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  • Anonymous
    9 years ago
    Favorite Answer

    In their day, the framers had to make arguments that did not frighten the monied establishment (i.e. the Federalist Papers)

    But it is clear from reading the works of some major contributors to the convention that the wealthy were not their only concern:

    "if my Countrymen should ever wish for the Honour of having among them a Gentry enormously wealthy, let them sell their Farms and pay rack'd Rents; the Scale of the Landlords will rise as that of the Tenants is depress'd who will soon become poor, tattered, dirty, and abject in Spirit. Had I never been in the American Colonies, but was to form my Judgment of Civil Society by what I have lately seen [in Ireland and Scotland], I should never advise a Nation of Savages to admit of Civilisation: For I assure you, that in the Possession and Enjoyment of the various Comforts of Life, compar'd to these People every Indian is a Gentleman: And the Effect of this kind of Civil Society seems only to be, the depressing Multitudes below the Savage State that a few may be rais'd above it"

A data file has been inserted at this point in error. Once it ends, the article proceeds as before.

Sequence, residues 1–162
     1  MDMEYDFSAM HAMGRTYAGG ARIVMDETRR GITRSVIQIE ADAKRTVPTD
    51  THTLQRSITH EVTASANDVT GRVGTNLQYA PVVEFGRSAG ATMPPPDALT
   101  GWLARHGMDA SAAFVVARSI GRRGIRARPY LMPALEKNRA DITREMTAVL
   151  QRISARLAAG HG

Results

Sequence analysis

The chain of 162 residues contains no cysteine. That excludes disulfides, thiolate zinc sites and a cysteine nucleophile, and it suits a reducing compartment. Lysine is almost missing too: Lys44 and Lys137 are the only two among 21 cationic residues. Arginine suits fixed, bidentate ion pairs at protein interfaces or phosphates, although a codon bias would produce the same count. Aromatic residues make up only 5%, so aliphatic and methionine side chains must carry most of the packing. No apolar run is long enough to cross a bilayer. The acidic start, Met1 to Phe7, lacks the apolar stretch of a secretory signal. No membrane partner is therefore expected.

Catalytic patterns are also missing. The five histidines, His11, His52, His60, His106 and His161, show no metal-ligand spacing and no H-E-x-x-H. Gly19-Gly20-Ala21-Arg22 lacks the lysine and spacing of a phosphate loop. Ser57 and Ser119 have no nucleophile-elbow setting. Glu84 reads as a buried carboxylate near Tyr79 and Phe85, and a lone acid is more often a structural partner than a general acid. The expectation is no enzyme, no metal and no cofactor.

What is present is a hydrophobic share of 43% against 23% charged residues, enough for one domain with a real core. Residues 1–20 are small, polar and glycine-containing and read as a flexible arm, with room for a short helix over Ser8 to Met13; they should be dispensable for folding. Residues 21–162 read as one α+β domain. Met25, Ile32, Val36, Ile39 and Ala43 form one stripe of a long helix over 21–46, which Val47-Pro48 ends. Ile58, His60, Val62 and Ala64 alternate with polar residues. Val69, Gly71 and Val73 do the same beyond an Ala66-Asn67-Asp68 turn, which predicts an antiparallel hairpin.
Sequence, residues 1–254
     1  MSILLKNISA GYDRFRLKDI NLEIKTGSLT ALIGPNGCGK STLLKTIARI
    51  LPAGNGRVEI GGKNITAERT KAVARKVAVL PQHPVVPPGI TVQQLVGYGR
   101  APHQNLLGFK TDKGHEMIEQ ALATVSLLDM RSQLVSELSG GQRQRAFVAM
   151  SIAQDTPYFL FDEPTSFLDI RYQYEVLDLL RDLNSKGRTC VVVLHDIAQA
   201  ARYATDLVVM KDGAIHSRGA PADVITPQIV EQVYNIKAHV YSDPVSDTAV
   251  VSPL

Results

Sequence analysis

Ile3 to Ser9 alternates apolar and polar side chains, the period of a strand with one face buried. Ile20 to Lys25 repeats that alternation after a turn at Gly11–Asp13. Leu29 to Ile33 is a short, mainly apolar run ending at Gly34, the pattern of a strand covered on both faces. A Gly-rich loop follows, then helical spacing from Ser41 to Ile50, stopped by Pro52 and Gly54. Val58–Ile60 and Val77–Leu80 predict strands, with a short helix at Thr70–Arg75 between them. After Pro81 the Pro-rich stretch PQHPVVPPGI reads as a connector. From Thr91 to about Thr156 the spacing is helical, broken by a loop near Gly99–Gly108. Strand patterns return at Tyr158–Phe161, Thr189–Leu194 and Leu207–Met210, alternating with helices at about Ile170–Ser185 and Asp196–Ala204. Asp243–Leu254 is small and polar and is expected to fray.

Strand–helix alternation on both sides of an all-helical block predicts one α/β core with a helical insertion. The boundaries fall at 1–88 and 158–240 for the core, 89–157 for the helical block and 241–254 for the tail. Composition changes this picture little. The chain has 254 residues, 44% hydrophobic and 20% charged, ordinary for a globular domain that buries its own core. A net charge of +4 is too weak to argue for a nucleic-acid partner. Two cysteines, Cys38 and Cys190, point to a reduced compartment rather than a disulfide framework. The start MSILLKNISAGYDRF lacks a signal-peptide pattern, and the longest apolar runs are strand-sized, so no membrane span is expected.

-- Benjamin Franklin; from letter to Joshua Babcock (Jan. 13. 1772)

    "In every political society, parties are unavoidable. A difference of interests, real or supposed, is the most natural and fruitful source of them. The great object should be to combat the evil: 1. By establishing a political equality among all; 2. By witholding unnecessary opportunities from a few to increase the inequality of property by an immoderate, and especially an unmerited, accumulation of riches; 3. By the silent operation of laws which, without violating the rights of property, reduce extreme wealth towards a state of mediocrity and raise extreme indigence towards a state of comfort; 4. By abstaining from measures which operate differently on different interests, and particularly such as favor one interest at the expense of another; 5. By making one party a check on the other so far as the existence of parties cannot be prevented nor their views accommodated. If this is not the language of reason, it is that of republicanism."

    -- James Madison; from 'Parties' (1792)